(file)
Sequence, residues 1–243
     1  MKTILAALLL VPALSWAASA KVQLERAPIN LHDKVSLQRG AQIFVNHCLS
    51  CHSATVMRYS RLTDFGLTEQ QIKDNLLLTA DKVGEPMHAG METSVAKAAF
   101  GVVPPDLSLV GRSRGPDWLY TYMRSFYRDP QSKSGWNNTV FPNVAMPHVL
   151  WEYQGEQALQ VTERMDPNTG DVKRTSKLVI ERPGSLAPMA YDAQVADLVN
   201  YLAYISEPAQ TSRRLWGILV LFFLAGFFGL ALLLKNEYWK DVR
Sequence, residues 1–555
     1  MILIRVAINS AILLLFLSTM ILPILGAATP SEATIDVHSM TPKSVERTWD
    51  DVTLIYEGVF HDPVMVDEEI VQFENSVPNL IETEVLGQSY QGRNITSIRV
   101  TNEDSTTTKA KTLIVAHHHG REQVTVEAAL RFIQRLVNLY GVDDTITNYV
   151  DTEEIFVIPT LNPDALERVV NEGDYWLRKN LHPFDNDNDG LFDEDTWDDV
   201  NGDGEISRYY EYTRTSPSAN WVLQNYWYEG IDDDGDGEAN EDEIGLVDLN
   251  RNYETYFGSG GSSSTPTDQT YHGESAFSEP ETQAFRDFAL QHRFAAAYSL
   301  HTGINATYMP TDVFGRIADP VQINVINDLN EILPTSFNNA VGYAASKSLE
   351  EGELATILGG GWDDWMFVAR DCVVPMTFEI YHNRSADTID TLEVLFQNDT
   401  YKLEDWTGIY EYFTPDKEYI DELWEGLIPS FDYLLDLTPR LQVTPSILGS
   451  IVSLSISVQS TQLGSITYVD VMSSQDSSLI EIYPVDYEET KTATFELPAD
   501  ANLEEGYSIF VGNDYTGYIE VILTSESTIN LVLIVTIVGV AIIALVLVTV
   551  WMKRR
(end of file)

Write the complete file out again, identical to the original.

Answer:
Sequence, residues 1–243
     1  MKTILAALLL VPALSWAASA KVQLERAPIN LHDKVSLQRG AQIFVNHCLS
    51  CHSATVMRYS RLTDFGLTEQ QIKDNLLLTA DKVGEPMHAG METSVAKAAF
   101  GVVPPDLSLV GRSRGPDWLY TYMRSFYRDP QSKSGWNNTV FPNVAMPHVL
   151  WEYQGEQALQ VTERMDPNTG DVKRTSKLVI ERPGSLAPMA YDAQVADLVN
   201  YLAYISEPAQ TSRRLWGILV LFFLAGFFGL ALLLKNEYWK DVR
Sequence, residues 1–555
     1  MILIRVAINS AILLLFLSTM ILPILGAATP SEATIDVHSM TPKSVERTWD
    51  DVTLIYEGVF HDPVMVDEEI VQFENSVPNL IETEVLGQSY QGRNITSIRV
   101  TNEDSTTTKA KTLIVAHHHG REQVTVEAAL RFIQRLVNLY GVDDTITNYV
   151  DTEEIFVIPT LNPDALERVV NEGDYWLRKN LHPFDNDNDG LFDEDTWDDV
   201  NGDGEISRYY EYTRTSPSAN WVLQNYWYEG IDDDGDGEAN EDEIGLVDLN
   251  RNYETYFGSG GSSSTPTDQT YHGESAFSEP ETQAFRDFAL QHRFAAAYSL
   301  HTGINATYMP TDVFGRIADP VQINVINDLN EILPTSFNNA VGYAASKSLE
   351  EGELATILGG GWDDWMFVAR DCVVPMTFEI YHNRSADTID TLEVLFQNDT
   401  YKLEDWTGIY EYFTPDKEYI DELWEGLIPS FDYLLDLTPR LQVTPSILGS
   451  IVSLSISVQS TQLGSITYVD VMSSQDSSLI EIYPVDYEET KTATFELPAD
   501  ANLEEGYSIF VGNDYTGYIE VILTSESTIN LVLIVTIVGV AIIALVLVTV
   551  WMKRR